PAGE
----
Hospitalist expert witness opines on intubation protocols for patient who died from pneumonia

Hospitalist expert witnessA hospitalist expert witness discusses the treatment given to a patient who died from pneumonia prior to being transferred to a tertiary care center. This case involves a thirty-seven-year-old male patient with no significant past medical history. The patient developed flu like symptoms. His condition progressively worsened over the course of the day and his wife called for an ambulance when he developed trouble breathing with minimal exertion.  He was admitted to the emergency room of a local hospital for complaining of cough, fever, chest pain and shortness of breath.  On physical examination the patient was tachypneic and appeared constitutionally unwell. The initial chest x-ray performed on admission showed clear lung fields while a chest x-ray performed one hour after his presentation showed bilateral pulmonary pneumonia and superimposed congestive changes. The dramatic change in findings on the chest x-rays was indicative of the patient’s rapidly declining condition. A CT scan was ordered which demonstrated a consolidation on the left lower lobe with pleural fluid and air bronchograms. The decision was made to transfer the patient to a tertiary care center, given the severity of his condition. The patient was to be intubated prior to transportation to stabilize. During the intubation procedure the patient’s condition deteriorated further. The patient died within a few hours of his presentation to the hospital. The postmortem examination documented extensive and severe bronchopneumonia involving all lung lobes as the cause of death.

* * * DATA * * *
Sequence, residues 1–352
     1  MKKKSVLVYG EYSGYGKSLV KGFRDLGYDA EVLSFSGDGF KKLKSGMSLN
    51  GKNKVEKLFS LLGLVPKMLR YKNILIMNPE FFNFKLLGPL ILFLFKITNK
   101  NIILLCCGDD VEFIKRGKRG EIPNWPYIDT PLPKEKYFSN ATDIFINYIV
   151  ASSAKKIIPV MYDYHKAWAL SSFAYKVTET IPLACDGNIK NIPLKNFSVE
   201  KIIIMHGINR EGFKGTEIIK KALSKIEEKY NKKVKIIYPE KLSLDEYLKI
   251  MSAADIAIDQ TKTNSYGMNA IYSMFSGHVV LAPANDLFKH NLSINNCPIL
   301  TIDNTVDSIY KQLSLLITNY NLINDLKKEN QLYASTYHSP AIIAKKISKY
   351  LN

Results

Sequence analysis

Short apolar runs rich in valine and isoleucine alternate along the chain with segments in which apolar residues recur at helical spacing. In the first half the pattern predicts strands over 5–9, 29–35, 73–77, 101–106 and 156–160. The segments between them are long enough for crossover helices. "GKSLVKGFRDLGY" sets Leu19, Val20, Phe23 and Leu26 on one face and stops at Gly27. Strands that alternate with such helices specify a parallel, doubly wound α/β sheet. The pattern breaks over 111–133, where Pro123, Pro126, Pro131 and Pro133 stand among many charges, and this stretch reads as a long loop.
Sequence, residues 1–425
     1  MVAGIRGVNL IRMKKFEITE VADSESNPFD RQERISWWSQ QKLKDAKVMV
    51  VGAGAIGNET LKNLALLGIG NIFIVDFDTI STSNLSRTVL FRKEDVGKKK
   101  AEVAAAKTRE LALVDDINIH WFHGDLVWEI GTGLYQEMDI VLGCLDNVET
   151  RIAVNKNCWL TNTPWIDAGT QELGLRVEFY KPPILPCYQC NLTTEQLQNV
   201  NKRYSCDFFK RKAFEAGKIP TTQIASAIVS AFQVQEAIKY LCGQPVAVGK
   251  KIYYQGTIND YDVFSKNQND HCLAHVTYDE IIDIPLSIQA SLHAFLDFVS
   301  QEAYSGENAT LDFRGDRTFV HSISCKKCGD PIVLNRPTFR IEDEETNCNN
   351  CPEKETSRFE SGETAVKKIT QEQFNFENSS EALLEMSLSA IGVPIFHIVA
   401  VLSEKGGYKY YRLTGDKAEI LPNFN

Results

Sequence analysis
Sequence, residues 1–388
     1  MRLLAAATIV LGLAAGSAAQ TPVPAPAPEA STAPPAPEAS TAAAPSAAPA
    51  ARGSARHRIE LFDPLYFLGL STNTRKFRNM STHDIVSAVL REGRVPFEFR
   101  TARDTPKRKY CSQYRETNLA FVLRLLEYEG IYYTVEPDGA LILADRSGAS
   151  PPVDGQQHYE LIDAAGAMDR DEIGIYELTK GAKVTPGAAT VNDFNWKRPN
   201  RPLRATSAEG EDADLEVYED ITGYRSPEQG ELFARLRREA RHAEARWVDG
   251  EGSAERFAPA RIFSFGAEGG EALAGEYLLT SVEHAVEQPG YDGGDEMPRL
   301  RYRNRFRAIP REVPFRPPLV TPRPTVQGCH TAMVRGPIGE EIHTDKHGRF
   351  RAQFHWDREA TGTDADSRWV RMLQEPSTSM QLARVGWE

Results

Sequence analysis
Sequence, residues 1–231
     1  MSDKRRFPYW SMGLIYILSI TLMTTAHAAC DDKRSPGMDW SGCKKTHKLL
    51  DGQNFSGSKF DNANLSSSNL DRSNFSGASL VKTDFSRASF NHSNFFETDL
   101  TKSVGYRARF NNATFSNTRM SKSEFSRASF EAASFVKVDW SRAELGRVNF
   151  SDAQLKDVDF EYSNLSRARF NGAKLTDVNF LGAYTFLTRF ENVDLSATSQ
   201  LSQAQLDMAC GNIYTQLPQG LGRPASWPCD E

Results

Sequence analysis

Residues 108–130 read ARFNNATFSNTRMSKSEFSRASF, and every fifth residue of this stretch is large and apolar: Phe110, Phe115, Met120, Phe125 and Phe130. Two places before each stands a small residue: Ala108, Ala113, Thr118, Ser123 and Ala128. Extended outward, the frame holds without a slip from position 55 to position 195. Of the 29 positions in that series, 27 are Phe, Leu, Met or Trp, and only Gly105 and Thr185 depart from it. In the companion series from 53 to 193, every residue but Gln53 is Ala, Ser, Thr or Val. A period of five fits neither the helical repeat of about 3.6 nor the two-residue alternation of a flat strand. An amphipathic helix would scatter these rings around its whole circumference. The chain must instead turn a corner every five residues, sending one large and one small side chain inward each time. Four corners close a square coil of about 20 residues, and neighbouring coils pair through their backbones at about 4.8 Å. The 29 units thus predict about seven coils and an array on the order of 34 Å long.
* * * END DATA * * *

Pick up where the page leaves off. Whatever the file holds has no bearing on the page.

Question(s) For Expert Witness

  • 1. Should this patient have been intubated sooner to avoid such a decompensation?
  • 2. Knowing how sick the patient was shortly after admission was the treatment instituted timely and was it aggressive enough?

Expert Witness Response E-005297

Yes, this patient may have needed to intubated sooner. This decision relies heavily upon the data available to the treating medical staff e.g. labs and physiology etc., at the time. What were the patient’s arterial blood gases? What were the patient’s oxygen saturations? The patient is young, therefore it seems that he likely did not have any existing lung disease. I would also want to know if he was placed in a step down unit, on a monitor. Was he sick enough to warrant an intensive care admission? All of these factors would be critical information to decide if the initial care given to this patient was aggressive enough. Lastly transfer to a higher level care center also depends on the data and information available. Some situations are appropriate for 24 hour monitoring but require intensive monitoring if the support for more intensive care is not available. This patient appears to have developed and died from pneumonia and likely related sepsis based on the provided summary. Early initiation of antibiotic therapy and early assessment and stabilization of respiratory and circulatory compromise can have a major impact on mortality. This requires prompt recognition of the sepsis syndrome.


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